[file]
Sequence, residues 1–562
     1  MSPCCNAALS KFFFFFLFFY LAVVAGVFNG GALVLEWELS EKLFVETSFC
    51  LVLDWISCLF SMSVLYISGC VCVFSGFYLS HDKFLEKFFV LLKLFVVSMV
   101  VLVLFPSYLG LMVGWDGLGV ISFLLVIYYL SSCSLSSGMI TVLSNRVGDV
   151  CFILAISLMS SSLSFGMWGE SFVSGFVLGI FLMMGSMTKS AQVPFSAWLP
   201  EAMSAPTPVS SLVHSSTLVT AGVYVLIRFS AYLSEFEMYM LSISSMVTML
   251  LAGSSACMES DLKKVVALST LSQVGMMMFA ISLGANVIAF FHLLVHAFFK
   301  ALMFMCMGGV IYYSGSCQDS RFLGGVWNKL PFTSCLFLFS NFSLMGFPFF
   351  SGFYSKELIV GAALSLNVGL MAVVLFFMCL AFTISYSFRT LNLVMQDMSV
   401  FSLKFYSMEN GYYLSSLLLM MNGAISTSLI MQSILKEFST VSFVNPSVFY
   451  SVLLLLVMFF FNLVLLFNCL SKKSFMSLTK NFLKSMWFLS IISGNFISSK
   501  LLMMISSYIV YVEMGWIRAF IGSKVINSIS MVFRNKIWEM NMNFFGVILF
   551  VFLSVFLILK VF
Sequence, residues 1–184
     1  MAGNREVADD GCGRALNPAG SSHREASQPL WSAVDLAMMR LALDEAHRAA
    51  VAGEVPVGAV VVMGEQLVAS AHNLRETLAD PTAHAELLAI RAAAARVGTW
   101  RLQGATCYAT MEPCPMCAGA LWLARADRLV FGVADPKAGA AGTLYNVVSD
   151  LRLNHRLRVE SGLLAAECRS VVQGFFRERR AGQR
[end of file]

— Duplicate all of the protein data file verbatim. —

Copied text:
Sequence, residues 1–562
     1  MSPCCNAALS KFFFFFLFFY LAVVAGVFNG GALVLEWELS EKLFVETSFC
    51  LVLDWISCLF SMSVLYISGC VCVFSGFYLS HDKFLEKFFV LLKLFVVSMV
   101  VLVLFPSYLG LMVGWDGLGV ISFLLVIYYL SSCSLSSGMI TVLSNRVGDV
   151  CFILAISLMS SSLSFGMWGE SFVSGFVLGI FLMMGSMTKS AQVPFSAWLP
   201  EAMSAPTPVS SLVHSSTLVT AGVYVLIRFS AYLSEFEMYM LSISSMVTML
   251  LAGSSACMES DLKKVVALST LSQVGMMMFA ISLGANVIAF FHLLVHAFFK
   301  ALMFMCMGGV IYYSGSCQDS RFLGGVWNKL PFTSCLFLFS NFSLMGFPFF
   351  SGFYSKELIV GAALSLNVGL MAVVLFFMCL AFTISYSFRT LNLVMQDMSV
   401  FSLKFYSMEN GYYLSSLLLM MNGAISTSLI MQSILKEFST VSFVNPSVFY
   451  SVLLLLVMFF FNLVLLFNCL SKKSFMSLTK NFLKSMWFLS IISGNFISSK
   501  LLMMISSYIV YVEMGWIRAF IGSKVINSIS MVFRNKIWEM NMNFFGVILF
   551  VFLSVFLILK VF
Sequence, residues 1–184
     1  MAGNREVADD GCGRALNPAG SSHREASQPL WSAVDLAMMR LALDEAHRAA
    51  VAGEVPVGAV VVMGEQLVAS AHNLRETLAD PTAHAELLAI RAAAARVGTW
   101  RLQGATCYAT MEPCPMCAGA LWLARADRLV FGVADPKAGA AGTLYNVVSD
   151  LRLNHRLRVE SGLLAAECRS VVQGFFRERR AGQR